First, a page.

The Penis Facial: Is It Really Worth the Hollywood Hype?
By Amy Lee
You've heard of the penis facial, right?
The controversial beauty treatment first broke the surface when Cate Blanchett dished in an interview with Vogue Australia in March that she and Oceans 8 co-star Sandra Bullock received "penis facials" from New York-based aesthetician Georgia Louise.
“Sandy [Bullock] and I saw this facialist in New York, Georgia Louise, and she gives what we call the penis facial and it’s something -- I don’t know what it is, or whether it’s just cause it smells a bit like sperm – there’s some enzyme in it so Sandy refers to it as the penis facial," the Aussie actress told the mag.
In May, Bullock confirmed she indeed got the eyebrow-raising facial on TheEllen DeGeneres Show in May, while promoting their heist film.
Earlier this week, another A-list actress brought more attention to the treatment. Kate Beckinsale posted a selfie on Instagram with the caption, "After a long flight I do like to lie down and be covered in a mask of liquefied cloned foreskins – frankly who doesn’t?," crediting Louise for her glowing face.
The post, which garnered lots of negative comments, was subsequently deleted, although Louise reposted the pic with the caption, "How gorgeous is @katebeckinsale post Hollywood EGF facial?!"
Yes, it has a proper name and it's called an EGF facial. So what really is it? How does it work? And is it really questionable as it has been made out to be? Let's break it down.
What is EGF?
EGF stands for epidermal growth factor, which is a protein that helps regenerate new cells and speed up the healing of wounds, believed to boost collagen and elastin production in the skin.
How is it used?
Louise uses EGF for her now famous, Hollywood-approved facial by deeply penetrating a serum containing EGF into the skin via micro-needling.
"I am very careful to talk clients through the potent serums that I use, so I always explain that the EGF in my serum is a synthetic copy of a molecule derived from circumcised foreskins," Louse told ET. "It does not include the original extract itself.”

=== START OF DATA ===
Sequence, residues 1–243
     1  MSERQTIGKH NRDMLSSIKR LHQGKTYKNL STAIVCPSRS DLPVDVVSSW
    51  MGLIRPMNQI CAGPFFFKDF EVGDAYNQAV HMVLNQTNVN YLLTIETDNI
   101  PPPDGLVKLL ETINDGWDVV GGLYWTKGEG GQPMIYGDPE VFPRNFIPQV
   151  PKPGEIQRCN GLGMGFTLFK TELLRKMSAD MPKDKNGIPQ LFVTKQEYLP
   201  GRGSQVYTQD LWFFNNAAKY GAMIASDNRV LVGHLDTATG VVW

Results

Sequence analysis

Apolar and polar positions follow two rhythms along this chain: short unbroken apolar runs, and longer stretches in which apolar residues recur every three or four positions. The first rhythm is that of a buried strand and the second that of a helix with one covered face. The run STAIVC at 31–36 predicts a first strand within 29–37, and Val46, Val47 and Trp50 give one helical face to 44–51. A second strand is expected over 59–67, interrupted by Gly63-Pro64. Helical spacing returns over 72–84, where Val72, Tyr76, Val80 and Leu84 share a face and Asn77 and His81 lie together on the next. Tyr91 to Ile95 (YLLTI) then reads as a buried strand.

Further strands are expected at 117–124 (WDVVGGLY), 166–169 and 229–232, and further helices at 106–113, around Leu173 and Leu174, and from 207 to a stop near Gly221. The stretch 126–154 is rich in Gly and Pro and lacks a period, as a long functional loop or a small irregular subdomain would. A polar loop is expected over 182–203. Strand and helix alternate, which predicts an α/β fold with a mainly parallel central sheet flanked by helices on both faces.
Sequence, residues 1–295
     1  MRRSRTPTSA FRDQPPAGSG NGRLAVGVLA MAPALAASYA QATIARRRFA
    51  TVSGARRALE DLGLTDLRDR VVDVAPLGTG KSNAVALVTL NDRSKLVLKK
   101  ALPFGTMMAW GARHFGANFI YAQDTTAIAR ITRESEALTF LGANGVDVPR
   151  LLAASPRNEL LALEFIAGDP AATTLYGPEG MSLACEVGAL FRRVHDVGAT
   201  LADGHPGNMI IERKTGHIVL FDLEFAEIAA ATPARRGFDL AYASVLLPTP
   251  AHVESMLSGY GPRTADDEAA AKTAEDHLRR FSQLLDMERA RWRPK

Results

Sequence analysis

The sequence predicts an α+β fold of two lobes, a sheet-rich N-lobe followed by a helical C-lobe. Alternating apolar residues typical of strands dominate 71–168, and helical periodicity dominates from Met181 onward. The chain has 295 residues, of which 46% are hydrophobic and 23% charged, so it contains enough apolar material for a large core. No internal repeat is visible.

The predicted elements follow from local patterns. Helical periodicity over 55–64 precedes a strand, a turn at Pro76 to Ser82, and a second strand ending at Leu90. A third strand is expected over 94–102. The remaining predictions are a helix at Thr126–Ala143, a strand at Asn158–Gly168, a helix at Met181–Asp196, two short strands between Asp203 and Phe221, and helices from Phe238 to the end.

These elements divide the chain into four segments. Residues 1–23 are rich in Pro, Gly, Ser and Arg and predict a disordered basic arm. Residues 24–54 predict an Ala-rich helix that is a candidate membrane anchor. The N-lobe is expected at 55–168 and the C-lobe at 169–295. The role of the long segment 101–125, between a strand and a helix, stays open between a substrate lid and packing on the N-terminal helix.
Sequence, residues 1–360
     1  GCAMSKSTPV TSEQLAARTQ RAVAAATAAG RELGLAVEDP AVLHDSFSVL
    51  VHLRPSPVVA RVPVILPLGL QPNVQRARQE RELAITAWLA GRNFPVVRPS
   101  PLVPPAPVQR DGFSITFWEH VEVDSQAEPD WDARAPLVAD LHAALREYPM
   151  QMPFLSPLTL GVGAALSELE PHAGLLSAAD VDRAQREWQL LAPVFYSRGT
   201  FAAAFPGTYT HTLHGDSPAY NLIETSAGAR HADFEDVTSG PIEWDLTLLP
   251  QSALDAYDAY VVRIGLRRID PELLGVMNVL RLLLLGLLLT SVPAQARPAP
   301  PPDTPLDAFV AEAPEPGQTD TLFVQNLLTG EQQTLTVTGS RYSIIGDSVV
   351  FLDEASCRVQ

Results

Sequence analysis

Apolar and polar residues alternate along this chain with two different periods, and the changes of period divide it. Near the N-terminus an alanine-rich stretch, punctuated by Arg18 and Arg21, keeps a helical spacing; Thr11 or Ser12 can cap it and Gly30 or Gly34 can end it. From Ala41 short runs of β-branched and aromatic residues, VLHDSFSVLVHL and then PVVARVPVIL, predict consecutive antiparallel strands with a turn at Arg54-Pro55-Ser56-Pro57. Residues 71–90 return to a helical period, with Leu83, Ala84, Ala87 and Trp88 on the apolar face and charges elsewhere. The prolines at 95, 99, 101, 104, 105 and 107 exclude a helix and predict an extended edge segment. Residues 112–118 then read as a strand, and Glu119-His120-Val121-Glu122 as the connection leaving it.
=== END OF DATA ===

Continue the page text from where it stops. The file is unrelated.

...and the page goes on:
Is it really from a penis?
Yes and no. Like Louise said, it's a synthetic copy of a molecule. According to The Cut, the EGF is from a cloned cell grown in a lab in Korea. It is technically from circumcised foreskins, but they're copies from their fibroblasts -- connective tissue cells that produce collagen and other fibers -- so what's going on the face is not directly from newborn male babies.
Is there another way to get EGF?
If foreskin cellular clones still gross you out, Nurse Lauren Pack of GoodSkin clinic in Los Angeles explained growth factors can also be retrieved from the plasma by drawing your blood, spinning it and separating the blood from the plasma.
Pack emphasizes this process of "using your own body's growth factors" is more effective than using outside, lab-grown EGF.
"I think if you’re using it in a serum, you’re putting in other synthetics into your skin, anyways, so how effective is it? [It's more effective] when I can just pull your blood and know that it’s completely concentrated and there’s nothing in that separation process between the blood and the plasma, which is made up of 90% water and all of your growth factors and platelets."
Pack draws the blood herself to extract the patient's own growth factor, which is then used via treatments that make a wound in the skin, whether that's with laser or micro-needling, which in turn stimulates more growth to the targeted area of the skin. Only doctors and nurses should take blood as aestheticians don't.
"You’re fertilizing your face to reproduce better, stronger cells that then gives you brightness, youthfulness, smoothness, all that. So if you’re going to do any type of skin treatment, using your own body’s growth factors are going to help you heal faster and look better."